The first-place finish in Iowa matters for the 2016 campaign cycle. So does third.

In 2004, a little more than two weeks before the Democratic caucuses, Howard Dean had a comfortable lead over Dick Gephardt. John Kerry and John Edwards were in third and fourth place, respectively, barely making double digits. Iowa Democrats were telling our interviewers, at a two-to-one ratio, that they preferred a candidate who would stand up for principle over someone who could defeat George W. Bush.

Then, something changed.

Reports started suggesting that people were getting tired of Mr. Dean’s youthful canvassers calling and coming to their door. They were tired of hearing about the Iraq war. More important, they were growing weary of Mr. Dean and Mr. Gephardt battling each other in television commercials.

My daily tracking polls–for Reuters and NBC–showed a steady transformation. As the caucuses grew closer, Iowa Democrats suddenly preferred someone who could beat Mr. Bush by a factor of two to one. The numbers for Mr. Dean and Mr. Gephardt dropped a point or two each day as Mr. Kerry and Mr. Edwards rose about the same. With about a week to go, John Kerry surpassed Mr. Dean and Mr. Gephardt. He went on to finish first. Mr. Edwards placed second.

The situation was as dramatic in 2008. About two weeks before the caucuses, Hillary Clinton had a lead over Barack Obama and John Edwards. Then, as before, the polls started to change. Mr. Obama and Mr. Edwards finished first and second as Mrs. Clinton dropped to third place.

This year, the GOP has two clear front-runners. Many Iowans who say they have never or seldom voted in the caucuses are waiting in the bitter cold and snow to see Donald Trump. He may not have the greatest ground game, but if people are braving the elements to see his rallies and campaign stops, they may also turn out to vote for him. And the Iowa GOP caucuses are practically made to order for Ted Cruz. He has the combination of Christian/social conservativism that appeals to the substantial numbers of evangelical Christians who historically have shown up, he is a tea-party favorite, and he is considered an “outsider” in Washington. He also has the political ground game and technology to win.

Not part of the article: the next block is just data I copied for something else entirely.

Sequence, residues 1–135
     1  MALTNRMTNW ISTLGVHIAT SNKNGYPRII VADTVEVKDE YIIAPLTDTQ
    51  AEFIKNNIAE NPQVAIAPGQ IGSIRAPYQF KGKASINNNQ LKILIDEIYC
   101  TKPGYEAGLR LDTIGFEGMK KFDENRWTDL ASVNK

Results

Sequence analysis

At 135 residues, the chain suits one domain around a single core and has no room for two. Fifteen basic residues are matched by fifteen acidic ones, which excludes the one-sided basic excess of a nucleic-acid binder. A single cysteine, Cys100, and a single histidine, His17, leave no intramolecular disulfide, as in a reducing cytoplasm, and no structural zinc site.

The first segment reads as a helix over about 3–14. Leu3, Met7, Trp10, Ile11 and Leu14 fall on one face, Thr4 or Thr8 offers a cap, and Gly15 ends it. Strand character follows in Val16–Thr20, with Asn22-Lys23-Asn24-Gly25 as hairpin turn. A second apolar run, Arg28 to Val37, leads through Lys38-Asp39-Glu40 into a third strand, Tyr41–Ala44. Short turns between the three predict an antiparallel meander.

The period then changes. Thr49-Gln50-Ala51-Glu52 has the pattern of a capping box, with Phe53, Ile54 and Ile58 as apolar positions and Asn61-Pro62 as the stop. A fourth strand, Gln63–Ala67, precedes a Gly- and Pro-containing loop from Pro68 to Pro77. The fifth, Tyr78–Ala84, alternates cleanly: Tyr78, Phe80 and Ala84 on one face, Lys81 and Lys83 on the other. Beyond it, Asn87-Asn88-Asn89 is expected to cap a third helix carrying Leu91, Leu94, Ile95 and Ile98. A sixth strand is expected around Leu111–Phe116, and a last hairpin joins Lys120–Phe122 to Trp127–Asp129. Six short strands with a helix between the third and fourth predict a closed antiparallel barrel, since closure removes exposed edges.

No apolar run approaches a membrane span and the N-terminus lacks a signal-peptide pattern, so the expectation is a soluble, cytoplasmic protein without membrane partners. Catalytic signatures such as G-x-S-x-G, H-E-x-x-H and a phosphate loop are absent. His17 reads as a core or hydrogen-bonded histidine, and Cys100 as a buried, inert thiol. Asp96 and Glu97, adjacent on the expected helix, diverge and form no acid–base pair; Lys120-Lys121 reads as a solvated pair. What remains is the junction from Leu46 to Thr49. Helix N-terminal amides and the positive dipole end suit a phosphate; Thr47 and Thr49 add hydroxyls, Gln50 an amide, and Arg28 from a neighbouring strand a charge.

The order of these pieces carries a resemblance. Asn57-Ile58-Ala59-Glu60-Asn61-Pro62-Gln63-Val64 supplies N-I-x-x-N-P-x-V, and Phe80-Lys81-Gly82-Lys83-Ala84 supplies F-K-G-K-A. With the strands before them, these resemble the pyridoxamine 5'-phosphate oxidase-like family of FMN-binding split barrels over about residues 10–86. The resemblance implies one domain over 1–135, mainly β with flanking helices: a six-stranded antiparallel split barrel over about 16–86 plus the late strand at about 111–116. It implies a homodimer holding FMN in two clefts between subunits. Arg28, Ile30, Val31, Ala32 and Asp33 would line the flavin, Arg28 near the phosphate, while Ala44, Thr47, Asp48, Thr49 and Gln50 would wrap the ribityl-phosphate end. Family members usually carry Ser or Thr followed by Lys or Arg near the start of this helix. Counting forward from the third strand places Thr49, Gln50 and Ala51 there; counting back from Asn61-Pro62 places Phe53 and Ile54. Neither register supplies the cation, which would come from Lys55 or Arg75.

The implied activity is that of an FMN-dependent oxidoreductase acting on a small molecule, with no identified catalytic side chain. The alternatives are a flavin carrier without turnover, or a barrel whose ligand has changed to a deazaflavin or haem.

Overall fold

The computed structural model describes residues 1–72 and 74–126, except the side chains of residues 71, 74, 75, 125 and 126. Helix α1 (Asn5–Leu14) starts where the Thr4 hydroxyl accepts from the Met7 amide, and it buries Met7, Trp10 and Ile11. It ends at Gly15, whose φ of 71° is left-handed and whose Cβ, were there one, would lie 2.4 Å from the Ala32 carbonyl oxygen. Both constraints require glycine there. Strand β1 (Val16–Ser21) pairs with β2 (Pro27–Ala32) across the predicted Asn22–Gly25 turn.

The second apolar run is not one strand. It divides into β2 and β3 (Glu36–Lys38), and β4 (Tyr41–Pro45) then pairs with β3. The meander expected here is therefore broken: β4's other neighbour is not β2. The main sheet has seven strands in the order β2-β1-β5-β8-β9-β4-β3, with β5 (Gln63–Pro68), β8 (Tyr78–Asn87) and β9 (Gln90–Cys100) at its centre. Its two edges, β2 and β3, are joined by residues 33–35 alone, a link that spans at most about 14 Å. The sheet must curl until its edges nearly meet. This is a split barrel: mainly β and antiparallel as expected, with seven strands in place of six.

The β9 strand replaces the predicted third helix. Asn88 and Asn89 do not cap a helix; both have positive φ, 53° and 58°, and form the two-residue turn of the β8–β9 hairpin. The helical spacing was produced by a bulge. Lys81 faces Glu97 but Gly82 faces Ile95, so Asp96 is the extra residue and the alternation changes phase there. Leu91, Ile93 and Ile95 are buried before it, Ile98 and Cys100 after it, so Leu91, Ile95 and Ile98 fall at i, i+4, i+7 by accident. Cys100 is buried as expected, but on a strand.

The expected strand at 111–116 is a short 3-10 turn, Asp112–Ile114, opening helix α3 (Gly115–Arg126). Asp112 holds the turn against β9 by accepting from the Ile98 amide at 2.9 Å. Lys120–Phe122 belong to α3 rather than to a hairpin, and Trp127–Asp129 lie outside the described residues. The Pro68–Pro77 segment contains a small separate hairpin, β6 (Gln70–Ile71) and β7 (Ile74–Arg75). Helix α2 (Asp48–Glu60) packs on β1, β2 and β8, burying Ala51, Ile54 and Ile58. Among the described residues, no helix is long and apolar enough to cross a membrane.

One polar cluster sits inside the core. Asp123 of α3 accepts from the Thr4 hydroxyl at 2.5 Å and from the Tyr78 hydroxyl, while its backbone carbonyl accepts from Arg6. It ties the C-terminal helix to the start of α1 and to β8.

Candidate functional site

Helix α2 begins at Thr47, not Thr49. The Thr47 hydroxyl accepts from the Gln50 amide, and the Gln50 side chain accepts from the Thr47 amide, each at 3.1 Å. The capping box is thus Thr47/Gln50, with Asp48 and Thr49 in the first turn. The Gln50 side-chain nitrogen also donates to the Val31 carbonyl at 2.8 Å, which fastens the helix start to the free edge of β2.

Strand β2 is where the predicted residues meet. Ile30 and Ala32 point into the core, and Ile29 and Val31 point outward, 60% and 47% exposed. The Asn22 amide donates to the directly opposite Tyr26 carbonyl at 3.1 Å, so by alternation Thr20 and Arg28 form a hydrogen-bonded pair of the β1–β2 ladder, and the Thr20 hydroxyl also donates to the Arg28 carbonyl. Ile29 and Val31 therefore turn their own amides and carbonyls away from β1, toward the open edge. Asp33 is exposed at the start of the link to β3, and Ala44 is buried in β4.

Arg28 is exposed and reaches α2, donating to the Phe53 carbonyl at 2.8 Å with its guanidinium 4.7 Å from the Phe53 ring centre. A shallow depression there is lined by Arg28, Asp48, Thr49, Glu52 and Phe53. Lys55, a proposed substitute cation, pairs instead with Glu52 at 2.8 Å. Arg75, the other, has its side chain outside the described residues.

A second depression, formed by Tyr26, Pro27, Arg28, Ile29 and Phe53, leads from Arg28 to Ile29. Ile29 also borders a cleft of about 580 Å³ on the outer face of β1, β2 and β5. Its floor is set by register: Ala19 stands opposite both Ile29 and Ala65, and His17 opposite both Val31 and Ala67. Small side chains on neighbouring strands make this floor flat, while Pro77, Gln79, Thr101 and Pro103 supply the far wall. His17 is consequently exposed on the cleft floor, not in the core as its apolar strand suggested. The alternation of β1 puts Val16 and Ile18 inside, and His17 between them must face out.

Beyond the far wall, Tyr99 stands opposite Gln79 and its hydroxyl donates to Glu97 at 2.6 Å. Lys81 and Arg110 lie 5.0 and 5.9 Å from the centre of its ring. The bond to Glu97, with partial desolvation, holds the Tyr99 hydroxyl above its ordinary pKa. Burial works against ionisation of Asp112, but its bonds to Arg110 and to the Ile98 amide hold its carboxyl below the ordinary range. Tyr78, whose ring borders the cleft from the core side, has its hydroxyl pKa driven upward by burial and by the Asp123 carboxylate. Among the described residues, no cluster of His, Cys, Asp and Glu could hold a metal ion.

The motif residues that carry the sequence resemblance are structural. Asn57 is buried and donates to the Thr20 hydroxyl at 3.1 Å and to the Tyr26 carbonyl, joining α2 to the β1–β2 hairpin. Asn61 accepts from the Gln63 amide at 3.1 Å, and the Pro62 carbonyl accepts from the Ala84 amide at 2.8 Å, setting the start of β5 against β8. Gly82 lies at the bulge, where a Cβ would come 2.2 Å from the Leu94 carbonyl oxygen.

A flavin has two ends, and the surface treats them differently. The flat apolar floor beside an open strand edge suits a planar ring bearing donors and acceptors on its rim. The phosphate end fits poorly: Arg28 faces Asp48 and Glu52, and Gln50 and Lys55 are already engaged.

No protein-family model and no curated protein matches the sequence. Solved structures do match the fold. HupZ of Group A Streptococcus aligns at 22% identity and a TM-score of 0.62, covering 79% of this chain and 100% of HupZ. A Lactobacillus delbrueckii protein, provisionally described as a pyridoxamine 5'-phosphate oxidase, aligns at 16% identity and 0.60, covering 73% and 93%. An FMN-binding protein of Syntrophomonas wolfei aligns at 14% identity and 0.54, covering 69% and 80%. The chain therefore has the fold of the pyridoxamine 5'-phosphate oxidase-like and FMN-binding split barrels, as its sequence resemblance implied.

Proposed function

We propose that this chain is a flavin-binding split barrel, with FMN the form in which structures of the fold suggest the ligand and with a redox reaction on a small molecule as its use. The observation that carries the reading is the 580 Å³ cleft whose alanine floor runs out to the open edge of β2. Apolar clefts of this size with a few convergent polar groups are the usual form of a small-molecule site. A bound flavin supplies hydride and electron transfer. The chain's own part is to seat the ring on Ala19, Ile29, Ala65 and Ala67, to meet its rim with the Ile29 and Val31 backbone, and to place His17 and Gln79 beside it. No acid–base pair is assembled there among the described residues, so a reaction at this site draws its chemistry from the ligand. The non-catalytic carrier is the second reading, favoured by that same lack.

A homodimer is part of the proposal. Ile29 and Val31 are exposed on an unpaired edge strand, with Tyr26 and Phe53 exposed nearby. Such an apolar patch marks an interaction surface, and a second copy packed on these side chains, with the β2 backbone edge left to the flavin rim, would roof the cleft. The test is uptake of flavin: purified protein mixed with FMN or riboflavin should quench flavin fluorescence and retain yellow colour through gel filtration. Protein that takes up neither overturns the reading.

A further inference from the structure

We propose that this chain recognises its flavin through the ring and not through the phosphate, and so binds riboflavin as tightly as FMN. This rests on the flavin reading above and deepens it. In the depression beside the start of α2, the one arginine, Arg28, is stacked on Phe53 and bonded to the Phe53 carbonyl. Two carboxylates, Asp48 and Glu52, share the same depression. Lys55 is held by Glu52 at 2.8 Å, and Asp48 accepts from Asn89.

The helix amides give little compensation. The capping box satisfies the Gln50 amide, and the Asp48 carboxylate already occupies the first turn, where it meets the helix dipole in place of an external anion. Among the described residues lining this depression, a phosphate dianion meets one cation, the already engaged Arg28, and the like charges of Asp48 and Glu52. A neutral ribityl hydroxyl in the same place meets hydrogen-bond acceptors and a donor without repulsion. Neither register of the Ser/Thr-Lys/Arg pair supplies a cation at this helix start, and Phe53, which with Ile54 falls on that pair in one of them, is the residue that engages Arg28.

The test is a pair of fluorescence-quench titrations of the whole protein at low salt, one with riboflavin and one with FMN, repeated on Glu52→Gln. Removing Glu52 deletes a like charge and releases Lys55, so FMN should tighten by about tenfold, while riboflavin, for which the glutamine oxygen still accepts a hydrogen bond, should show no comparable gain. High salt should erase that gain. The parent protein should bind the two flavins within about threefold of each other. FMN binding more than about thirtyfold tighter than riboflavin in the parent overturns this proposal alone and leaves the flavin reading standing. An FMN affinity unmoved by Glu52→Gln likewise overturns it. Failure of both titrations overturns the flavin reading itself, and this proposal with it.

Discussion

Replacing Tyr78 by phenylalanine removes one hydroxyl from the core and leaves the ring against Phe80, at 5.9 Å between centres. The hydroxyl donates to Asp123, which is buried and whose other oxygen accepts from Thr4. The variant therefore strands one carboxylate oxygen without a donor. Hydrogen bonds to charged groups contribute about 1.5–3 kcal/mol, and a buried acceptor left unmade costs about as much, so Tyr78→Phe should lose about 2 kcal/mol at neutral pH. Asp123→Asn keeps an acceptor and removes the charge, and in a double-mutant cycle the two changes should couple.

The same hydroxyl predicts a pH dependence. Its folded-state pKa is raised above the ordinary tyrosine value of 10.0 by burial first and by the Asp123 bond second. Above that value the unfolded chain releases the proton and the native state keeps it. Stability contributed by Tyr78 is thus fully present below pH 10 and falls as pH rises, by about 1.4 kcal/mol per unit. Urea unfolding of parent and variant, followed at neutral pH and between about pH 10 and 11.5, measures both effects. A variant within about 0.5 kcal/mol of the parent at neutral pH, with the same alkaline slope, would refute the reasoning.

Iowa is a table setter: There will be an establishment candidate, someone in a position to do better in New Hampshire, where independents and moderates normally define the winner. Marco Rubio has been doing well enough in Iowa, New Hampshire, and nationally to bear close observation. Jeb Bush still has lots of money. Chris Christie and John Kasich have spent very little time and few resources in Iowa–but are both doing well in New Hampshire.

That’s why the No. 3 spot in Iowa matters. As Mr. Cruz and Mr. Trump maintain their war, a premium will be placed on the establishment winner. Voters will be watching to see who does better than expected and is considered “adult” enough to be president of the United States. It’s a mistake to think that enough Iowans don’t care about this point.

On the Democratic side, Hillary Clinton again faces a more serious challenge than she or her team anticipated. Bernie Sanders is within striking distance and has a hold on millennials who appeared energized to come out and vote–much as they did for Barack Obama in 2008. Former Maryland Gov. Martin O’Malley has low support nationally but is drawing 5% to 8% in Iowa. If his support jumps to 15% or so–it can happen; ask Gary Hart about 1984–that would be enough to position him for New Hampshire and, combined with a very good showing by Mr. Sanders, would signal that a majority of Iowa Democrats rejects the “inevitable” nomination of the party’s front-runner and best-known political name.